Tax rates imposed on NRAs may be reduced by any applicable treaties and the Gross income is what gets taxed with almost not offsetting deductions. So here, we need to address exactly what FDAP income includes. FDAP is considered to include; interest, dividends, royalties, and rents.

Simply put, NRAs are subject to a 30 percent tax when receiving interest income from U.S. sources. Included within the definitions of FDAP are some miscellaneous categories of income such as; annuity payments, certain insurance premiums, gambling winnings, and alimony.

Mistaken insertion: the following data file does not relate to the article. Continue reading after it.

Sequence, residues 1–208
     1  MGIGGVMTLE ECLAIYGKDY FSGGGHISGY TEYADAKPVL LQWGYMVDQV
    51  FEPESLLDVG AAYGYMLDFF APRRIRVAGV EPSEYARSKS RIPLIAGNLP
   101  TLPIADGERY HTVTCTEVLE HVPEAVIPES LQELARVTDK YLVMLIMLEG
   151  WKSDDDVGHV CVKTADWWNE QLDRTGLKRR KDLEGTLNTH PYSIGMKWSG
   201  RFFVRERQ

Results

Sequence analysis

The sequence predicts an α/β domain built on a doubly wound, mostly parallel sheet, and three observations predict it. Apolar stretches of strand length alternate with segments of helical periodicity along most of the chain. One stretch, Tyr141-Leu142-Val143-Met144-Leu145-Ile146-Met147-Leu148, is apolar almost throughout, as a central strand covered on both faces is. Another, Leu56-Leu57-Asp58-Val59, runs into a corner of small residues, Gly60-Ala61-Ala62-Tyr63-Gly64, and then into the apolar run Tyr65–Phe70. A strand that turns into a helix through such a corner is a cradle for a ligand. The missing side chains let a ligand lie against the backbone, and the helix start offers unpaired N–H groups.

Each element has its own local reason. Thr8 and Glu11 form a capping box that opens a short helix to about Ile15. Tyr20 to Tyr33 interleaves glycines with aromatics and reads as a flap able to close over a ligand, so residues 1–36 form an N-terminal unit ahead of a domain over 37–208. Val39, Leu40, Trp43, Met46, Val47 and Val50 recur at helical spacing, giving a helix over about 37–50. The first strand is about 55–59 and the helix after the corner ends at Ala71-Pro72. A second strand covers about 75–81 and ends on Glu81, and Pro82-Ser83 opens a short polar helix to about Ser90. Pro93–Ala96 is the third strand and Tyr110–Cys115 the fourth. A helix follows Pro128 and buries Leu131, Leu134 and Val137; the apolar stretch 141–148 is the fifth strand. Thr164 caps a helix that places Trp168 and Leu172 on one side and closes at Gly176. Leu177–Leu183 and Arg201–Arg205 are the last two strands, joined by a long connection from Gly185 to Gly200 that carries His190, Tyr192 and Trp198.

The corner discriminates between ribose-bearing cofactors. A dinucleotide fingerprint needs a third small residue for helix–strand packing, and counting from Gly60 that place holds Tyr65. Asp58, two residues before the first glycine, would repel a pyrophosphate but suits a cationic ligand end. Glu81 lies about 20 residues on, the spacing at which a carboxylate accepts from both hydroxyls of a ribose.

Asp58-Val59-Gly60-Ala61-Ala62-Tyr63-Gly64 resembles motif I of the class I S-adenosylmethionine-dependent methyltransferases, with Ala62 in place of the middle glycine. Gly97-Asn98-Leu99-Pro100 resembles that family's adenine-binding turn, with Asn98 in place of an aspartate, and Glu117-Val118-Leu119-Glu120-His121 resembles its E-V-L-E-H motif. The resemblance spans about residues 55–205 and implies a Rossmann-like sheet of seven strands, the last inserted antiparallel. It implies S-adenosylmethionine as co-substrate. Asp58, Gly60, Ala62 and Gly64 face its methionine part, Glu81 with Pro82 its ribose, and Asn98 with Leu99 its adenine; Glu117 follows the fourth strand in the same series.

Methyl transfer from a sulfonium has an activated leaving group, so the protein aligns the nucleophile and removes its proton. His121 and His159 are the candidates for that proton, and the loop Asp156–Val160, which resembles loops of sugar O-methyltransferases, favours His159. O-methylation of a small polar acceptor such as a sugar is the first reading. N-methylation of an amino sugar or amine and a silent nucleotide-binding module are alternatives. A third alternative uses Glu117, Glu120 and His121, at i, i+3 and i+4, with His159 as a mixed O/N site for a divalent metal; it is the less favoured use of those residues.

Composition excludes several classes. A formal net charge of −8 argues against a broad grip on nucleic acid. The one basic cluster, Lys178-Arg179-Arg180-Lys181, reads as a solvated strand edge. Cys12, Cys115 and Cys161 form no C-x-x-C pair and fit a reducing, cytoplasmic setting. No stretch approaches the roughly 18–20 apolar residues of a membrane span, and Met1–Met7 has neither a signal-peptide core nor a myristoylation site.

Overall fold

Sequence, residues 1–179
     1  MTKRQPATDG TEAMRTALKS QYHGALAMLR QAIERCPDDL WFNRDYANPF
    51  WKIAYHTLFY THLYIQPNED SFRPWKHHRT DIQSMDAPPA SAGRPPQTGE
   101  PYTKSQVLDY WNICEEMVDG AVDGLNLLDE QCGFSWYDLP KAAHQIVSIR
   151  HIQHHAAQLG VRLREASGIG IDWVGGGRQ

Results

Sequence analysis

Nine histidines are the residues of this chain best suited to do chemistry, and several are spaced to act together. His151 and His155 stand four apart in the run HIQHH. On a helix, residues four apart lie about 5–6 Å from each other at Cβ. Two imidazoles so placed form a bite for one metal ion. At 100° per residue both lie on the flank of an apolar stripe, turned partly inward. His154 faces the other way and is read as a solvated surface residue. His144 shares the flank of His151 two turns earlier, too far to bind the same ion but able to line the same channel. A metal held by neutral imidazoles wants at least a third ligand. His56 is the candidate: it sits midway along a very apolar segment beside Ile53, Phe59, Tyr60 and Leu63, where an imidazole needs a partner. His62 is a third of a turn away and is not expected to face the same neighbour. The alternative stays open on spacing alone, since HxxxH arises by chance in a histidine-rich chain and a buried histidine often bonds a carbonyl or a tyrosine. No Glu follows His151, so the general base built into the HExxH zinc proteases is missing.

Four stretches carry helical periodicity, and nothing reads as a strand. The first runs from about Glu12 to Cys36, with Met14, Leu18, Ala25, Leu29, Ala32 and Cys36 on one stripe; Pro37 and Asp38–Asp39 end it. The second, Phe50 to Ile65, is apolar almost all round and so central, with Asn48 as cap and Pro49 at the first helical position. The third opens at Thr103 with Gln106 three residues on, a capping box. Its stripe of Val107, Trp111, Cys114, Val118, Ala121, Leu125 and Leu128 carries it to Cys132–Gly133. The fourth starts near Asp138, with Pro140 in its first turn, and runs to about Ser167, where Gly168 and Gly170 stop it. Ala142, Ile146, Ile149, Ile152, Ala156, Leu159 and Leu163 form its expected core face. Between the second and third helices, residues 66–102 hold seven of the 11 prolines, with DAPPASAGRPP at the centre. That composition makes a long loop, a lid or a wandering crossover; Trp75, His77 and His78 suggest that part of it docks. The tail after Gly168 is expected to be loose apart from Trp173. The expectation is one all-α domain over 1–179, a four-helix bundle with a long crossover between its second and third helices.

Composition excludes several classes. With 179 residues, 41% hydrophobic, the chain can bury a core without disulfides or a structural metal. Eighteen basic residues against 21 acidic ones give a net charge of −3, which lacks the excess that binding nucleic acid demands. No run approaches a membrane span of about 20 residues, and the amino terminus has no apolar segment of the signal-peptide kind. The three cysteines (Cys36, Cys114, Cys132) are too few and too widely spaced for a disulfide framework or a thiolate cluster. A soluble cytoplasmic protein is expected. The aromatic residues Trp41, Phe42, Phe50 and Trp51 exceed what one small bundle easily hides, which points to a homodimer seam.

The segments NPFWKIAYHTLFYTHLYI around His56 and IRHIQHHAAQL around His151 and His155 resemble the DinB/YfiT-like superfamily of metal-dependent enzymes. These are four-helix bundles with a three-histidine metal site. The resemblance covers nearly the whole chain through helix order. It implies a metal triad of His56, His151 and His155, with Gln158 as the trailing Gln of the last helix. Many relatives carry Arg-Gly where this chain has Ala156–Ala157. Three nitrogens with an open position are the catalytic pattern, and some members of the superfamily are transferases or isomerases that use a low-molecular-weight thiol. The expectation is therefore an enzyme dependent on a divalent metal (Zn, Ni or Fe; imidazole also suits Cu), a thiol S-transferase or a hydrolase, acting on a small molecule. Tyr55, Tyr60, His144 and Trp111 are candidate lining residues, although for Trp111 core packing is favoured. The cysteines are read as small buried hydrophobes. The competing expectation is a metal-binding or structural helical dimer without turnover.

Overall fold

Capital gains from U.S. sources, however, are generally not taxable unless: A)The NRA is present in the United States for more than 183 days. B) The gains can be effectively connected to a U.S. trade or business. C) The gains are from the sale of certain timber, coal, or domestic iron ore assets.

NRA’s can and will be taxed on capital gains (originating in the US) at the rate of 30 percent when these exceptions apply.Because NRA’s are taxed on income in the same manner as a US taxpayers when that income can effectively be connected to a US trade or business, then it becomes necessary to define what constitutes; “U.S. trade or business” and to what “effectively connected” means. This is where we can limit the taxable liability.